Bradley made its lone drive into the Red Zone with less than five minutes to go in the half. Taking over on their own 49, the Bears used eight plays to reach the Raider 14, but had to settle for a 31-yard field goal try that hit the crossbar and bounced short.
After holding the hosts to just 84 yards of offense in the opening half, Bradley took a 12-0 lead into the locker rooms for the intermission.
The Bears defense started the second half like it played the first with a three-and-out that lost a yard, forcing another punt that gave the Black-and-Gold possession at midfield.
Like they had done the first two quarters, Bradley wasted no time finding the end zone in the third as Copeland and Houston hooked up on a 49-yard catch-and-run for the game’s final touchdown on the second play of the possession.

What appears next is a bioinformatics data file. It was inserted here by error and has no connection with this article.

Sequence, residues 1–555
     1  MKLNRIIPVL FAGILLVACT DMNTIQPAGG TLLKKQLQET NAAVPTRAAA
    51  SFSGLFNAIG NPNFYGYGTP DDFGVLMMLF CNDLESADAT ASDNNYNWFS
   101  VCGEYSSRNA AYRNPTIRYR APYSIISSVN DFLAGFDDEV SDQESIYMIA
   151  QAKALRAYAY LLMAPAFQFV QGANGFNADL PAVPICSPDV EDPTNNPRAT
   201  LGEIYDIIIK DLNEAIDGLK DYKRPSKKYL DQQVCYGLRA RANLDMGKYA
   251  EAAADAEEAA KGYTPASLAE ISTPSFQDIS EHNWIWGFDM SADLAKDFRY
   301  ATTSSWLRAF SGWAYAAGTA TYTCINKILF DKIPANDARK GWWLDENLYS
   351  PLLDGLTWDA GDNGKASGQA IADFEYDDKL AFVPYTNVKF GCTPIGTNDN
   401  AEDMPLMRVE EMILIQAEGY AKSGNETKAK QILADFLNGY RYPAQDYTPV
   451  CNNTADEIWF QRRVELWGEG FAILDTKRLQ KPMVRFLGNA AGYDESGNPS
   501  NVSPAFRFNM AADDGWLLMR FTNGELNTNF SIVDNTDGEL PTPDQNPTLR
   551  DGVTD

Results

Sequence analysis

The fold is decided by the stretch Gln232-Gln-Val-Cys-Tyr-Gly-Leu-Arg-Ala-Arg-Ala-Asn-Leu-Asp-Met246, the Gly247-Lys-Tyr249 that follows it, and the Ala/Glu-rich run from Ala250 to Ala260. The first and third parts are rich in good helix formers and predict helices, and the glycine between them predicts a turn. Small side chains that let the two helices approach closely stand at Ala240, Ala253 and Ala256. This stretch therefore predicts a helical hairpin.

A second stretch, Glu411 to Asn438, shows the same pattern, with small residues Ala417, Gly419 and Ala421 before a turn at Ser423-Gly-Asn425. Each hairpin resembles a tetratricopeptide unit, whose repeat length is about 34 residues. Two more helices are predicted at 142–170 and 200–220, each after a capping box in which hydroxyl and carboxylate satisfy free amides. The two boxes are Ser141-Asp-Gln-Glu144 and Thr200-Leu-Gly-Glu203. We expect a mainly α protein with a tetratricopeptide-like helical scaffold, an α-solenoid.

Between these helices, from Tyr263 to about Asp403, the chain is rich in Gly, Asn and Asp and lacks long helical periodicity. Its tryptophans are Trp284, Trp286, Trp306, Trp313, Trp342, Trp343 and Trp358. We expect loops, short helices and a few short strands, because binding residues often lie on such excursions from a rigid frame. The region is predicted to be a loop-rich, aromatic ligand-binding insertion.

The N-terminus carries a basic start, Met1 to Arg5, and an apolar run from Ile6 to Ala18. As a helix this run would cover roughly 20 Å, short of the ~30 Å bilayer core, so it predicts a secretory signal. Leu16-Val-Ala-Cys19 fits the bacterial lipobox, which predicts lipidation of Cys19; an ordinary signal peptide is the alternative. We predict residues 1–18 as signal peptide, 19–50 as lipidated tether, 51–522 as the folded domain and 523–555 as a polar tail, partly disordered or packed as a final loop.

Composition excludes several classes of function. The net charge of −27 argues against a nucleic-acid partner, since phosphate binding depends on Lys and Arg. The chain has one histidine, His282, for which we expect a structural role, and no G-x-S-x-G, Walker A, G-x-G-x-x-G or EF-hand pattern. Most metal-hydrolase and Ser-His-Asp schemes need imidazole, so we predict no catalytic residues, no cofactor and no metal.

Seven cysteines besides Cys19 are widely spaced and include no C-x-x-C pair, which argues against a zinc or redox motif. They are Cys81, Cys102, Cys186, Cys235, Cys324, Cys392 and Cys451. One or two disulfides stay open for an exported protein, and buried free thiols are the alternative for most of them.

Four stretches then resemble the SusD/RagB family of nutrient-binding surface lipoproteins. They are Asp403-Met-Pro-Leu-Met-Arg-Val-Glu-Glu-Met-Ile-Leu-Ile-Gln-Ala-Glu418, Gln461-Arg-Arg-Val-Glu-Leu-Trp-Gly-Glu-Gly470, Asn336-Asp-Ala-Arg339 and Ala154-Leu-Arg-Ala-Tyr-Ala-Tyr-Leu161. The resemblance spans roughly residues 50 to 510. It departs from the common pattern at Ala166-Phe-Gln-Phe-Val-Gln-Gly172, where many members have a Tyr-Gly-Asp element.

After scoring with 9:49 left in the third quarter, the Bear offense never made it across midfield the rest of the contest.
Cleveland was able to mount a couple of time-consuming drives in the second half — one went 12 plays but was stopped at the Bear 37, while the other was directed by sophomore quarterback Austin Herink in the fourth quarter using 15 plays to march the Raiders into the Red Zone for the only time in the contest, but turning the ball over on downs at the 16.
The much anticipated showdown between a pair of high-powered quarterbacks was thwarted by the defensive efforts on the night.
Cleveland senior Chad Voytik, who has committed to play at the University of Pittsburgh next year, was limited to 13 rushing yards on 11 carries, plus was sacked twice by Chris Thompson and Nate Mills in three quarters of play. The ESPN Elite 11 qualifier completed 11-of-21 passes but for only 63 yards and was picked off once by Stovall.